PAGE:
It's Official: 2015 Was Hottest Year on Record

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NASA and the National Oceanic and Atmospheric Administration (NOAA) just announced today that 2015 is the new global temperature record for hottest year since record keeping began in 1880. Both NASA and NOAA separately analyzed the global temperature data and came to this same conclusion.

Record warmth was broadly spread around the world, from Central America and the northern half of South America to parts of northern, southern, and eastern Europe and western Asia as well as large parts of the northeastern and equatorial Pacific and a large swath of the western North Atlantic and the Arctic Ocean.

2015 beat out 2014 (the second warmest year on record) by a surprisingly large margin -- 0.23 (NASA) or 0.29 (NOAA) degrees Fahrenheit (°F). This is the largest margin by which the annual global temperature record has been broken. The jump last year is on the order of 2-3 times the usual increase of around 0.1 °F seen between record temperatures The pace of warming may well be accelerating.

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Figure: Top record global temperature years since record keeping began in 1880 showing the annual temperature departures in °F ranked coolest to warmest from a common 1951-80 base period. (NOAA)

Some of the conclusions from today's announcement include:

  • 2015 was 1.62°F (0.90°C) warmer than the 20th century average.
  • In the U.S. 2015 was the second warmest year on record.
  • Ten of 2015's monthly global temperatures tied or broke existing records. In particular, December 2015 blew away all previous December temperature records and was 2 °F (1.11°C) above the 20th century average.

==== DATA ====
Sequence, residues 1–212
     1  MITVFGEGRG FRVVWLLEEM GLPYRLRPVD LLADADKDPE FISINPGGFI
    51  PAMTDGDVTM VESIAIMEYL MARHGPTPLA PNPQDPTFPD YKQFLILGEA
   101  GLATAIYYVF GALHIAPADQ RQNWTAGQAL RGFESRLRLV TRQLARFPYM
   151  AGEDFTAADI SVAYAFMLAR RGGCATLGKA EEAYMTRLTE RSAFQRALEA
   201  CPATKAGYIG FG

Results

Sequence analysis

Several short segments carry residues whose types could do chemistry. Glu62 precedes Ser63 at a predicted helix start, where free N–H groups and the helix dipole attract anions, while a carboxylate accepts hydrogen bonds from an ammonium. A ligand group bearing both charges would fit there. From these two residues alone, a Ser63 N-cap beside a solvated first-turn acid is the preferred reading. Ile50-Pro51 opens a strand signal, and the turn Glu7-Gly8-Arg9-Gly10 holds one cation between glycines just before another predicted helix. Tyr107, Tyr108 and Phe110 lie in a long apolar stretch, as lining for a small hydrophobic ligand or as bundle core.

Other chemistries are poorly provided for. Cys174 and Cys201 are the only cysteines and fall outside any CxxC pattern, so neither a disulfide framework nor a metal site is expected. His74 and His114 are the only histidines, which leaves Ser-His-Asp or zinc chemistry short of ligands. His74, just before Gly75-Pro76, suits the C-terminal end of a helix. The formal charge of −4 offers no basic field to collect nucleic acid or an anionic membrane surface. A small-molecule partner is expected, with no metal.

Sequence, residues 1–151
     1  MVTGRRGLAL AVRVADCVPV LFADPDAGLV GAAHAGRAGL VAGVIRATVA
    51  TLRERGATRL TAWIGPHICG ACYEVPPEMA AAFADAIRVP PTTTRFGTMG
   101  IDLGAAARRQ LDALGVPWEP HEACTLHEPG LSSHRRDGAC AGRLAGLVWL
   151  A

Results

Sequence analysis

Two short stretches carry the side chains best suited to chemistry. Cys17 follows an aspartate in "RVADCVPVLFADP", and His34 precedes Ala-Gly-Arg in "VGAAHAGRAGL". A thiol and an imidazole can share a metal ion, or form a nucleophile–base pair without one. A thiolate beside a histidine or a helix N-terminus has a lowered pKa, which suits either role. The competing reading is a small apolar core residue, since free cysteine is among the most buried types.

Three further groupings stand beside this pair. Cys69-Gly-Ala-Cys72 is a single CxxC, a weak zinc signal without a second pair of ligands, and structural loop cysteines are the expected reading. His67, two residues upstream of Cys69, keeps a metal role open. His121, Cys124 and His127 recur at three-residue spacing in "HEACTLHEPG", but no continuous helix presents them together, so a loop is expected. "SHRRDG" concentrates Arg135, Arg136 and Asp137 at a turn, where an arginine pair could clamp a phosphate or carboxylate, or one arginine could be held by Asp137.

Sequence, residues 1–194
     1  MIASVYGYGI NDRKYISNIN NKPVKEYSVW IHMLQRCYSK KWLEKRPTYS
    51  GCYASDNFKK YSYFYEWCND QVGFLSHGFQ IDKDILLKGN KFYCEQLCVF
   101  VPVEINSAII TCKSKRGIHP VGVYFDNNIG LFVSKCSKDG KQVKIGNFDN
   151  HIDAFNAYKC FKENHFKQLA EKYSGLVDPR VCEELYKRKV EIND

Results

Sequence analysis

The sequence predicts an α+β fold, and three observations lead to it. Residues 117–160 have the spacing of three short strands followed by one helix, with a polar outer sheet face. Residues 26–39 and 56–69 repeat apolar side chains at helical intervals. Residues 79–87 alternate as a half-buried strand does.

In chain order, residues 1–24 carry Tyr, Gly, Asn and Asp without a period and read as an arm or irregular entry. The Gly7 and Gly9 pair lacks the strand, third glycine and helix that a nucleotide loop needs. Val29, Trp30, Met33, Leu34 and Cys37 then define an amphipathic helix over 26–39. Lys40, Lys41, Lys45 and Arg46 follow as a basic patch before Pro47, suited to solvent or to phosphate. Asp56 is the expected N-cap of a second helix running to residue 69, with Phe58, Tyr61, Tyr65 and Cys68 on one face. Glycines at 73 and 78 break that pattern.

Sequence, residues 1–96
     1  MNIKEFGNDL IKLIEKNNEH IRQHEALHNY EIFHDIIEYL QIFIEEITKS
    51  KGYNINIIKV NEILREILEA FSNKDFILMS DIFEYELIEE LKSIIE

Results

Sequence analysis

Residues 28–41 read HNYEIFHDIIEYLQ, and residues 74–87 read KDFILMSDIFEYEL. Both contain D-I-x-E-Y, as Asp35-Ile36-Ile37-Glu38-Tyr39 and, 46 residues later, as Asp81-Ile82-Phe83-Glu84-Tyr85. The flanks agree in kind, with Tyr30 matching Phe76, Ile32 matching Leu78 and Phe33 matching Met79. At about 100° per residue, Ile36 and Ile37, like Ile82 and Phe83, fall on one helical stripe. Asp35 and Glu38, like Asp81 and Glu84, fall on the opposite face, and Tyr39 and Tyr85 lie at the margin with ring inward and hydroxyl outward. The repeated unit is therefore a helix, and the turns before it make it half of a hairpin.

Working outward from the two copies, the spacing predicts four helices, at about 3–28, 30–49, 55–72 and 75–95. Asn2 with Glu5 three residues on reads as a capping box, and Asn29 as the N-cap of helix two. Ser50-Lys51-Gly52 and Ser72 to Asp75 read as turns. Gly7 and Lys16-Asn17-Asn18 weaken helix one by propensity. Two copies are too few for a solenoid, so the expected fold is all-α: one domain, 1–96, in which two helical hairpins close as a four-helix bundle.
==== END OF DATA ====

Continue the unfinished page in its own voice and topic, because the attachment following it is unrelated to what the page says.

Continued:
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This human-induced warming has been putting our weather on steroids, with numerous unusual and extreme weather events recorded last year having significant cost impacts. The National Centers for Environmental Information (NCEI) tracks and evaluates climate events in the U.S. and globally that have significant economic impacts. According to the NCEI since 1980 the U.S. has sustained 188 weather and climate disasters where overall damages/costs reached or exceeded $1 billion and the total cost of these 188 events exceeds $1 trillion. While the 1980-2015 annual average is 5.2 events the annual average for the last 5 years is 10.8 events.


Figure: "In 2105, there were 10 weather and climate disaster events with losses exceeding $1 billion each across the United States. These events included a drought event, 2 flooding events, 5 severe storm events, a wildfire event, and a winter storm event." (NCEI)

2015 it is also the year the world really woke up to the reality of climate change and the need for concrete action to curb the dangerous carbon pollution forcing it, as is summarized in David Doniger's year-end blog, Turning Point: A Year of Action in the Fight Against Climate Change.

We are now about half way to the 2°C upper limit on global temperature increases above preindustrial times that the world's top scientists and governments say we must stay below to avoid catastrophic climate impacts. We're even closer to exceeding the 1.5 degree limit countries agreed to strive to meet in the Paris Agreement. Action now is critical!